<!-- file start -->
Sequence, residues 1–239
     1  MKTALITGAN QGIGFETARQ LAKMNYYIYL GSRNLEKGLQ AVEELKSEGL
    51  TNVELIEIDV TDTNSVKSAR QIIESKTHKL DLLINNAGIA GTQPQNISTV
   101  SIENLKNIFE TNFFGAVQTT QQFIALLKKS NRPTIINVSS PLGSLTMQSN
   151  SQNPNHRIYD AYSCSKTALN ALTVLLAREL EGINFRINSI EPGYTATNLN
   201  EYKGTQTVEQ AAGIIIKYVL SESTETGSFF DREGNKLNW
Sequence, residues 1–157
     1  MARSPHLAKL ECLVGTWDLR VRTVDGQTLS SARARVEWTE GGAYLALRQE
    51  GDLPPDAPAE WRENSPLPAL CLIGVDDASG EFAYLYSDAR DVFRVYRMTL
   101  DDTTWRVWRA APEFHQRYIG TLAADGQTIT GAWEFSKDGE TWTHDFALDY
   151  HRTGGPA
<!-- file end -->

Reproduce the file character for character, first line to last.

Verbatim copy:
Sequence, residues 1–239
     1  MKTALITGAN QGIGFETARQ LAKMNYYIYL GSRNLEKGLQ AVEELKSEGL
    51  TNVELIEIDV TDTNSVKSAR QIIESKTHKL DLLINNAGIA GTQPQNISTV
   101  SIENLKNIFE TNFFGAVQTT QQFIALLKKS NRPTIINVSS PLGSLTMQSN
   151  SQNPNHRIYD AYSCSKTALN ALTVLLAREL EGINFRINSI EPGYTATNLN
   201  EYKGTQTVEQ AAGIIIKYVL SESTETGSFF DREGNKLNW
Sequence, residues 1–157
     1  MARSPHLAKL ECLVGTWDLR VRTVDGQTLS SARARVEWTE GGAYLALRQE
    51  GDLPPDAPAE WRENSPLPAL CLIGVDDASG EFAYLYSDAR DVFRVYRMTL
   101  DDTTWRVWRA APEFHQRYIG TLAADGQTIT GAWEFSKDGE TWTHDFALDY
   151  HRTGGPA